Okay, it’s been a while and sadly I’m not about to regale you with fabulous tales of holidays and adventures that have filled my days. It’s just that Peter (the husband) is away in Antarctica for a few weeks and my life seems to be a hectic (read chaotic) combination of working all over the place at funny hours (a result of being freelance that I usually embrace) and farming Imi out to wonderfully supportive family, friends and neighbours (three cheers for “Spare Granny” Sasha) at both ends of the day.
The amazingly bright autumn weather (not today – the S.A.D. lamp is definitely on), a few trips to The Bristol Lido to swim outside and some very special one-to-one time with Imi have thankfully made the chaos pretty wonderful too. I feel so blessed living in Bristol where I took these pictures just 5 minutes walk from the house. Last Sunday, the 1st of November, just felt like a bonus, an almost summery day, before we hit the colder weather – everyone was out (and I remembered that I really, really need a dog).
One of my Autumn highlights has to be the day spent at Victoria Park Primary School, in Bristol, helping with their Healthy Schools Week. I was working with Ramona Andrews: a school Mum, food writer, social media guru, producer (she’s a talented lass) and we a ball (a tiring one, but oh so rewarding). The idea was to get kids cooking, tasting and experimenting with simple recipes that happened to be healthy too, rather than the didactic approach.
With over 30 kids at a time, in the school art room, it wasn’t going to be individual soufflés so we settled on flat breads and hummus. It was all about tasty, simple and accessible recipes that the kids would most likely eat too and with Halloween looming we thought we’d throw some roasted pumpkin into the hummus. The room was filled with great wafts of garlic, cumin, baking bread and lots of noise (good noise, enthusiastic, excited noise).
One thing that I’ve learnt about cooking with children is that everyone wants, and needs, to be busy for every available second (I so, so appreciate you school teachers – it’s knackering). We had plenty of grating going on to keep everyone gainfully employed and made a massive bowl of salad. Radishes, beetroot, carrots, cucumber, apples, pears, seeds, herbs, lemon zest – it all went in, and of course there were a few doubters (some rather more vociferous than others) but pretty much everybody tried the end result and, best of all, most of them loved it.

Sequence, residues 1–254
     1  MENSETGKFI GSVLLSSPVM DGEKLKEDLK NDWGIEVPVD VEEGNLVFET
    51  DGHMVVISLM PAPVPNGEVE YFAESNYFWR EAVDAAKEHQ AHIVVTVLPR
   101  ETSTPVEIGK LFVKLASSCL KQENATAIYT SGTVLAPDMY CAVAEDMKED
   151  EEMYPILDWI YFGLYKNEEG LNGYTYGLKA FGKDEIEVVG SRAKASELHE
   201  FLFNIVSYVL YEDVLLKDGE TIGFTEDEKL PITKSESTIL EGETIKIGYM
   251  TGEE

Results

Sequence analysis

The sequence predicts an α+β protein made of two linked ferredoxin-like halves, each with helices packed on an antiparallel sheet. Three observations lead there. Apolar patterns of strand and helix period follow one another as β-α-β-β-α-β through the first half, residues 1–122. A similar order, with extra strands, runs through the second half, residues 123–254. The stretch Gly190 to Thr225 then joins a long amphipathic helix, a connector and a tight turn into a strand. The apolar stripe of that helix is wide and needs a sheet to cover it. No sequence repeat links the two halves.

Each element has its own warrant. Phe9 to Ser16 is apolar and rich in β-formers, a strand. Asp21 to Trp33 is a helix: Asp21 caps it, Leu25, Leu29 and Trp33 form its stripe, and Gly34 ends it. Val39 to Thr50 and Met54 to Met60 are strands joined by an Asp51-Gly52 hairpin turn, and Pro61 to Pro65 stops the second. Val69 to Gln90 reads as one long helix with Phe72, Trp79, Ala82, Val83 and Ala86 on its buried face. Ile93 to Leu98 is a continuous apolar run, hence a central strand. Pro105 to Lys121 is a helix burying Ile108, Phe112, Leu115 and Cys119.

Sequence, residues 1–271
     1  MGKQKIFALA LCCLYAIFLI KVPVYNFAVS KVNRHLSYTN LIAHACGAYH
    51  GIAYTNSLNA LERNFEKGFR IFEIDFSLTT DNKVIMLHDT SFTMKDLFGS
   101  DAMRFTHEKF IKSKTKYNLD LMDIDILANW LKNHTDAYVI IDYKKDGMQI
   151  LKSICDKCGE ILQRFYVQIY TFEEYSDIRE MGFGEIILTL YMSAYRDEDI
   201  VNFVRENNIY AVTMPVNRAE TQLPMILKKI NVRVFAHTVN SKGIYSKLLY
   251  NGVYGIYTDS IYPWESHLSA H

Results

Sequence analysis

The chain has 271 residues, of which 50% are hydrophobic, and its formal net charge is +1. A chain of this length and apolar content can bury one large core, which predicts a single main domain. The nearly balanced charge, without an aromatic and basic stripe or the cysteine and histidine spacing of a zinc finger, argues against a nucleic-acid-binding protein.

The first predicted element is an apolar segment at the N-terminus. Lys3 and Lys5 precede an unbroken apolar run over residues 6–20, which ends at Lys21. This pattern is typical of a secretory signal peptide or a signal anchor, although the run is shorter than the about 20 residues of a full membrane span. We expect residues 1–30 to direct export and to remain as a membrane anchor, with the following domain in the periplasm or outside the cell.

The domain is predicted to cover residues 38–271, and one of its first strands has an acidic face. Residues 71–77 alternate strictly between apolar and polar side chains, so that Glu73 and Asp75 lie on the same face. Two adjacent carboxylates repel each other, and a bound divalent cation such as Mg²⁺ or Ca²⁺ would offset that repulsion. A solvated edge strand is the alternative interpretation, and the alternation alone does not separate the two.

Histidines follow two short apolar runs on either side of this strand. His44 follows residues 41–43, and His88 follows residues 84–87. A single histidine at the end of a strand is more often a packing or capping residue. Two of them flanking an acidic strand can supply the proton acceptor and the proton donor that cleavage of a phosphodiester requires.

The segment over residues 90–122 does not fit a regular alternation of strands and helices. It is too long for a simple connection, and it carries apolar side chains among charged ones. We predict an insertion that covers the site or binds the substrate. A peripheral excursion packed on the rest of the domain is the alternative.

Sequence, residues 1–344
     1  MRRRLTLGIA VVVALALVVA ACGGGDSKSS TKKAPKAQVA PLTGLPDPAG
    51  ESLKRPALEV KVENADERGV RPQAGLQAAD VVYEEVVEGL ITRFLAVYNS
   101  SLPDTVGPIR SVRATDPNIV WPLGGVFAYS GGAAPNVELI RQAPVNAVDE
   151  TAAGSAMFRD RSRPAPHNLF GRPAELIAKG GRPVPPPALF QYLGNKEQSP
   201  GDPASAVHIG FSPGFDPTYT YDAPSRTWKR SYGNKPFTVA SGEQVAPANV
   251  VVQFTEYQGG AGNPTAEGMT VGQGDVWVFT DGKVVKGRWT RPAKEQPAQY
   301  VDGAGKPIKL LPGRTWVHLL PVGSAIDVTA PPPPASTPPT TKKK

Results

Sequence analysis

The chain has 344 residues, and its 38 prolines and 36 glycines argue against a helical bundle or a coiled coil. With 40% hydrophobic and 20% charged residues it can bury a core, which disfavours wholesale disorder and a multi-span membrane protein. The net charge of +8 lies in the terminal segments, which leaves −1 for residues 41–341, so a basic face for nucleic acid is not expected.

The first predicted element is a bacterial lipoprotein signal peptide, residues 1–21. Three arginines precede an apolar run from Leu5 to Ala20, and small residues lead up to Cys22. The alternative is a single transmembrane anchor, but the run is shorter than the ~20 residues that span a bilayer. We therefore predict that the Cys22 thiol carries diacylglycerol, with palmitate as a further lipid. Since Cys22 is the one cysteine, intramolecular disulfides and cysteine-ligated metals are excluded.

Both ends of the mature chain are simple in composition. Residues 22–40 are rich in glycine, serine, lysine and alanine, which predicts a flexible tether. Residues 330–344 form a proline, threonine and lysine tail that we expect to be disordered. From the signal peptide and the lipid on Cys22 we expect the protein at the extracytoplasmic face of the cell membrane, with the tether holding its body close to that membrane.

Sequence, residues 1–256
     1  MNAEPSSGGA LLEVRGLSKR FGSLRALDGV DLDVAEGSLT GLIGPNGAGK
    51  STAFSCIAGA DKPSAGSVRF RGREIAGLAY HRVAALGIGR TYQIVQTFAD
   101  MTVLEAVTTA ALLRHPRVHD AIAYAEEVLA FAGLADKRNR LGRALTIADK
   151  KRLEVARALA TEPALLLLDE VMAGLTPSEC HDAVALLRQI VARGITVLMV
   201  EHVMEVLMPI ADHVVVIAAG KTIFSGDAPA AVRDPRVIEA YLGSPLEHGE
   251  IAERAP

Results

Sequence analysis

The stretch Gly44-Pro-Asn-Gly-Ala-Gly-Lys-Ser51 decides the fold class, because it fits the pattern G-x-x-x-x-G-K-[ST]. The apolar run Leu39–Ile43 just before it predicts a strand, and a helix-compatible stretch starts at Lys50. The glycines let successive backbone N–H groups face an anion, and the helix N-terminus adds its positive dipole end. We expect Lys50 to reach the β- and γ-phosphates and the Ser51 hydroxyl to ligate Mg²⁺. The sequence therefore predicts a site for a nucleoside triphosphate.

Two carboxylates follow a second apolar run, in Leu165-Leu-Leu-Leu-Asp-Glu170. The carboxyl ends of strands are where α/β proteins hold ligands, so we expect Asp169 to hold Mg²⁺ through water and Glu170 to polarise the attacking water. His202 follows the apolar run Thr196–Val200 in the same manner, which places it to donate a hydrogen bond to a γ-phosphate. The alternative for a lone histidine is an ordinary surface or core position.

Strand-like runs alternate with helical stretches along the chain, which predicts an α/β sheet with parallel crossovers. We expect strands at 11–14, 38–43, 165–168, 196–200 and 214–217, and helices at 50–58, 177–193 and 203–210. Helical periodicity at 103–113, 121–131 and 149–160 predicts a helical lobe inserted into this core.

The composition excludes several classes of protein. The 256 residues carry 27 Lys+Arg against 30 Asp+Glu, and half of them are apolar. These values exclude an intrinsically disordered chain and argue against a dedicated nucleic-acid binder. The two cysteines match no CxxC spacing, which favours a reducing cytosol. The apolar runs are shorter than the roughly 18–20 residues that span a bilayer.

So here you have my recipes from the day and though I do admit to buying hummus sometimes, and pitta bread too, this reminded me how simple, cheap and adaptable they are to make. The children were amazed at how easy it is to prepare the basic flat breads with plenty of scope to play around sprinkling with different spices They’re ideal for baking with some eager little helpers but worth throwing some together for yourself too.
Halloween may be over, pumpkin fever a thing of the past, but there are plenty of squash around in the markets and shops to experiment with. The texture is fabulous in hummus and the slightly nutty, caramelised flavour works well with Middle Eastern spicing or you could try some rosemary instead. The children devoured this, one even suggested that it would be good for “dipping KFC chips in”! (you can’t win ’em all) but the best thing was the palpable excitement at eating something they’d prepared.